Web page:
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One thing I am using 31P31D 2015 for is finishing Base Instruments, as I'm in the home stretch and I need something to make me push through. I was going gangbusters through the easy to write scenes for weeks, finishing at least a scene piece a day, but then I hit the handful of scenes I'd put off because I wasn't sure how to express them. And that slowed me down like whoa.

On that note, JESUS CHRIST, this scene piece was hard to write. It's super short, and yet it took me over a week of hammering. I knew what it had to do. It's a very early part, which is supposed to sort of reintroduce Mrs. Hawking and Mary to the audience, specifically what they do and what their relationship is, without being too redundant or expository. It's also supposed to subtly set up the personal struggle for them in this play without drawing too much explicit attention to it.

Without spoiling it too hard, Mrs. Hawking becomes preoccupied with worries that she doesn't want to actually talk about. So she tries to guide Mary into a position to be what she thinks she needs to assuage her fears. Mary notices something going on but not exactly what. Mrs. Hawking needs to express a confidence in her that makes her very happy, so happy in fact that she misses that it's not just confidence, but also desperation-- she believes in Mary partially because she's afraid of what would happen if she doesn't. So it's supposed to hint at what comes ahead, while cloaking it in a little bit of pleasant misdirection.

That's hard. I ROUGHLY, CLUMSILY achieved the bones of that. But this will need a lot of polishing to be what I want. But for at least draft one, I'm shooting primarily for COMPLETENESS and FUNCTIONALITY. Elegance, art, and cohesion will have to come later.


Day #2 - "Everything I Do"
for Base Instruments
by Phoebe Roberts

VICTORIA HAWKING, lady's society avenger
MARY STONE, her housemaid and assistant
~~~

(MRS. HAWKING’s parlor. MRS. HAWKING sits cradling her wrenched arm, disturbed and in pain. MARY enters through the front door, and MRS. HAWKING quickly collects herself.)

MRS. HAWKING: All right then, Mary?

MARY: We’ve done it! You and I made our escape, Nathaniel should be delivering the papers as we speak, and the police collected our men, so we may call it a job well done.

MRS. HAWKING: I’ll hold off until it’s confirmed. I suppose that police officer of yours received an anonymous tip?

MARY: His name is Arthur Swann, and he’s been a great deal of help.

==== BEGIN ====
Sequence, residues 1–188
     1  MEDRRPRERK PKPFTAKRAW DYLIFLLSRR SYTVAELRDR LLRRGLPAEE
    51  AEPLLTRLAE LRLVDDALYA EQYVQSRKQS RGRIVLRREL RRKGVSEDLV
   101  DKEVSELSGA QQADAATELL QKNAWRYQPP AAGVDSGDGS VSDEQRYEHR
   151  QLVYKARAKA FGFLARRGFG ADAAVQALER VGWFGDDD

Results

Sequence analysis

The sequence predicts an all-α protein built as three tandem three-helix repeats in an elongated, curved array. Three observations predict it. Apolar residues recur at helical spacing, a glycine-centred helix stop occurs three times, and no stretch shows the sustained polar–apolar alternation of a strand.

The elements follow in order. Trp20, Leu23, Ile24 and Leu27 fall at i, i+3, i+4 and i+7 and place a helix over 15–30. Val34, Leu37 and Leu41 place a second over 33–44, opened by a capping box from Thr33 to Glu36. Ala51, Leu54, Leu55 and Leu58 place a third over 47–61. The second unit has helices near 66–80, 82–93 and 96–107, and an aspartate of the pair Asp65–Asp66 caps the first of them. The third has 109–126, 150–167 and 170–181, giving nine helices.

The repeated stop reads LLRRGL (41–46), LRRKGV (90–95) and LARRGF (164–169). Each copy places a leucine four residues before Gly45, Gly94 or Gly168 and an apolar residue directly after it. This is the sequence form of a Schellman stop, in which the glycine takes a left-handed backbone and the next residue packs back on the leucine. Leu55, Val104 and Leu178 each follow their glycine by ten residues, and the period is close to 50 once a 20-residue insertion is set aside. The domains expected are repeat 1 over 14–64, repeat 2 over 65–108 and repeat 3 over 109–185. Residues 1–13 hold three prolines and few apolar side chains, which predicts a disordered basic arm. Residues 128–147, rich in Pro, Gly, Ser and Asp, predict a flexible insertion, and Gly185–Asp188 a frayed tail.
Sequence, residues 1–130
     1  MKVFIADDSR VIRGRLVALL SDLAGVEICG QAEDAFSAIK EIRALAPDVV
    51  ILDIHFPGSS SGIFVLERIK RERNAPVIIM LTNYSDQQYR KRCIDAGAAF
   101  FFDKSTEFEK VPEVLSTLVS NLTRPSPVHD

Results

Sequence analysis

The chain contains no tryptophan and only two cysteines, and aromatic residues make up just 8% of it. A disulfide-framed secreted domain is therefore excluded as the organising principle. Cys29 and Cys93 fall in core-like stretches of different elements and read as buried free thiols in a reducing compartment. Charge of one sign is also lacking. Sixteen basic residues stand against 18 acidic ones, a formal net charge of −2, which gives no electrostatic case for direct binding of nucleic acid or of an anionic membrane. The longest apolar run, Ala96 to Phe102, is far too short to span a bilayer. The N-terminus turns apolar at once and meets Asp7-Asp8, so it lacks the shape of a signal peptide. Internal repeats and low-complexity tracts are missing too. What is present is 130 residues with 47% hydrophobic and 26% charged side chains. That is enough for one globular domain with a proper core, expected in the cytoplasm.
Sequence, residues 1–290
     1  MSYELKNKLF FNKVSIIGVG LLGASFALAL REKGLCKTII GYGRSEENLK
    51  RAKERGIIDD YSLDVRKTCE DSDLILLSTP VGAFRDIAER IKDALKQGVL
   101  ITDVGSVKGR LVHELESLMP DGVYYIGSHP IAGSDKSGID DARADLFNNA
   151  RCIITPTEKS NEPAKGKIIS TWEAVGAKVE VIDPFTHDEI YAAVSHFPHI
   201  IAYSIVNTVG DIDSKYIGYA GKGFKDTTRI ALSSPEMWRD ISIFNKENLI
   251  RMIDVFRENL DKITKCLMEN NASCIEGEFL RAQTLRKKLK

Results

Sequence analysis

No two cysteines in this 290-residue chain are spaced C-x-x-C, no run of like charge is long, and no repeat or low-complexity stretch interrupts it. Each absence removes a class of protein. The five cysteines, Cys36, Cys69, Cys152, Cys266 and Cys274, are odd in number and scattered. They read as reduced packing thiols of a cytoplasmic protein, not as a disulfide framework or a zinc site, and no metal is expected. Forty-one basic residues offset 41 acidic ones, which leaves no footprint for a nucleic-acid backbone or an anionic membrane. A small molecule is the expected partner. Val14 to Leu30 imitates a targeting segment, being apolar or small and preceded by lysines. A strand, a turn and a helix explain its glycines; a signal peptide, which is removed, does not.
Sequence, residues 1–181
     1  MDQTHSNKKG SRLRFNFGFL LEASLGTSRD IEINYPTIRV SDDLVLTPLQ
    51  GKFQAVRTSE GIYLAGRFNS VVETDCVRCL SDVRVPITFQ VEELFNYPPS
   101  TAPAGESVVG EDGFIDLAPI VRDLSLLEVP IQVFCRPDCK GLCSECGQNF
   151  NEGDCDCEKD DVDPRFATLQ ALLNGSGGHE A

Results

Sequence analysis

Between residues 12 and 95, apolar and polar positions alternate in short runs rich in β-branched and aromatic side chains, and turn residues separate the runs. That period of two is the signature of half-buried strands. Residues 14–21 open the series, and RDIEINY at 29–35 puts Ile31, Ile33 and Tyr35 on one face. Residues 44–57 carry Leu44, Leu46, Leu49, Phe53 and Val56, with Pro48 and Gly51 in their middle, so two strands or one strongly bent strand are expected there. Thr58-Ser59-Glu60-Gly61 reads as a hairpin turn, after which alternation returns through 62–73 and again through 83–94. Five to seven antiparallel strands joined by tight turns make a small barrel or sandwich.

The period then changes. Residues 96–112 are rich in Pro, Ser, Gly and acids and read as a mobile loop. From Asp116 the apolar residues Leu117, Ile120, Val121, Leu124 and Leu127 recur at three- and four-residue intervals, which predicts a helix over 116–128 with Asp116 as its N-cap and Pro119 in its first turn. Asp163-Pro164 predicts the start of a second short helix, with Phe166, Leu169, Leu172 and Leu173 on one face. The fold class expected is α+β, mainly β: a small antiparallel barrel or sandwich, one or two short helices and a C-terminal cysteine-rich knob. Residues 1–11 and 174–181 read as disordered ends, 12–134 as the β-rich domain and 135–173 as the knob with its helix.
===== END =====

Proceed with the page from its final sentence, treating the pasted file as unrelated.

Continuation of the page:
MRS. HAWKING: Someone is making quite a career out of our hard work.

MARY: We ought to be grateful! Without him, there’s precious little we can do to bring the law to bear. And he’s content not to pry into things.

MRS. HAWKING: How lucky for us.

MARY: Come now, things went well! I’m quite pleased with myself. My lock picking’s coming along, I’m quicker than I’ve ever been!

MRS. HAWKING: Indeed. Though we’ll have to work on the rest of your second story skills. If you’re not seen on the exit, perhaps then we won’t have to fight out way out.

MARY: I am sorry about that. But I rather held my own once things broke out!

MRS. HAWKING: That’s true. But it is imperative you learn how to maneuver unseen to be ready when tactics demand it.

(MRS. HAWKING winces in pain at her wrenched shoulder. She covers quickly but MARY notices.)

MARY: And how are you? For a moment there I thought you were quite hurt.

MRS. HAWKING: An occupational hazard. In this work one must be as capable of taking a beating as giving one. This is hardly the first.

(MARY goes to the side table.)

MARY: Is there anything I can get you? Tea, perhaps?

MRS. HAWKING: Brandy. If you please.

(MARY pauses in surprise a moment, then obeys.)

MARY: I should have been able to help you. I do have a great deal of work to do.

MRS. HAWKING: Next time you won’t be seen.

MARY: But what if I am?

MRS. HAWKING: Then you’ll practice until you are not. You are my protégé, Mary, and I mean to see that you learn the things you need to do my work. In my early days, even I had times when I was spotted or tripped up or came home black and blue. So I worked until I was equal to any challenge that might arise, and until I could do anything.

MARY: Anything? So you're the cleverest person there is, then?

MRS. HAWKING: Hardly. I was nursemaided by cleverer than myself. It's all in what use you make of it.

MARY: Do you really believe that I could do anything that you do?

MRS. HAWKING: I mean to see you do everything that I do.

(MARY glows. The doorbell rings. MRS. HAWKING gestures, then exits to change her clothes. MARY goes to answer the door.)

Posts from This Journal by “base instruments” Tag

About Me

My name is Phoebe. I'm Boston area theater professional and English professor focused in writing, acting, directing, and modeling. I'm known for having lots of interests, lots of opinions about those interests, and a very high estimation of the value thereof. This blog is for talking about whatever's on my mind, from my daily life to my activities to musing on any number of abstract topics. Thanks for taking the time to read.

My productions:

Upcoming Productions:



MRS. HAWKING part 2 and 3


at the Watch City Steampunk Festival 2016

presented by The Chameleon's Dish

Vivat Regina
by Phoebe Roberts

at 2PM

and

Base Instruments
by Phoebe Roberts

at 6PM

Saturday, May 13th 2017
at 274 Moody Street, Waltham, MA

Other Achievements:

"The Tailor at Loring's End" screenplay
Quarter Finalist in the Final Draft Big Break Screenwriting Competition 2013

"Adonis" screenplay
Top Ten Percent in the Bluecat Screenwriting Contest 2015

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